Biology of Retinoschisin

  • Camasamudram Vijayasarathy
  • Lucia Ziccardi
  • Paul A. SievingEmail author
Conference paper
Part of the Advances in Experimental Medicine and Biology book series (AEMB, volume 723)


There is good evidence that retinoschisin (RS1) is one of the key participants in retinal cell adhesion processes controlling the formation of retinal cell layers and mosaics. Loss-of-function mutations in the X-linked retinoschisis (RS1) gene lead to splitting within the retina, a condition known as the X-linked juvenile retinoschisis (XLRS). XLRS causes impairment of visual activity in young males and frequently progresses to even more severe reduction of both central and peripheral vision with age. This perspective reviews progress in the field of RS1 biology and pathophysiology.


X-linked retinoschisis Retinoschisin Discoidin domain Mutations Retina Photoreceptors Bipolar cells Synapse Gene therapy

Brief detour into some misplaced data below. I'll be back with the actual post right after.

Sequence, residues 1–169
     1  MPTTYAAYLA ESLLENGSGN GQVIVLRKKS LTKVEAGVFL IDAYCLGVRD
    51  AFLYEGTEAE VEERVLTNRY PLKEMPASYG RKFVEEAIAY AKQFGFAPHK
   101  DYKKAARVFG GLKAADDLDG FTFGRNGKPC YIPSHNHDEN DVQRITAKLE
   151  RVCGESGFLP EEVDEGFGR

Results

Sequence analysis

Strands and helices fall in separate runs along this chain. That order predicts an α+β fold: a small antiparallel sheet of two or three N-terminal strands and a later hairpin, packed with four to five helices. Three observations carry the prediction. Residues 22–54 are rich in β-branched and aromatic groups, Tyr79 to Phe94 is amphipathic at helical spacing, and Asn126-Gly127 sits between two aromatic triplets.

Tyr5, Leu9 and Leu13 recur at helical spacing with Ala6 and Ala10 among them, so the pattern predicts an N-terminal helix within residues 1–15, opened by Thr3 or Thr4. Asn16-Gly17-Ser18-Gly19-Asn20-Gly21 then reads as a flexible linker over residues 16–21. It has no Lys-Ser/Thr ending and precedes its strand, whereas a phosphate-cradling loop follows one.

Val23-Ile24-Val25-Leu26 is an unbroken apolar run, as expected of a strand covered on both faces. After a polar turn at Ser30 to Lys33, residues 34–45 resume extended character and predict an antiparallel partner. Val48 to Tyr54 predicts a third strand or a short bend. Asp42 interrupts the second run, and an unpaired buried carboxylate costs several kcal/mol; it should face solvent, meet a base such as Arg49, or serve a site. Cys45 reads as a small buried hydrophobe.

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Copyright information

© Springer Science+Business Media, LLC 2012

Authors and Affiliations

  • Camasamudram Vijayasarathy
    • 1
  • Lucia Ziccardi
    • 2
  • Paul A. Sieving
    • 3
    Email author
  1. 1.Section for Translation Research in Retinal and Macular DegenerationNational Institute on Deafness and Other Communication Disorders, National Institutes of HealthBethesdaUSA
  2. 2.Neurophthalmology UnitFondazione “G.B. Bietti” IRCCSRomeItaly
  3. 3.National Eye Institute, National Institutes of HealthBethesdaUSA

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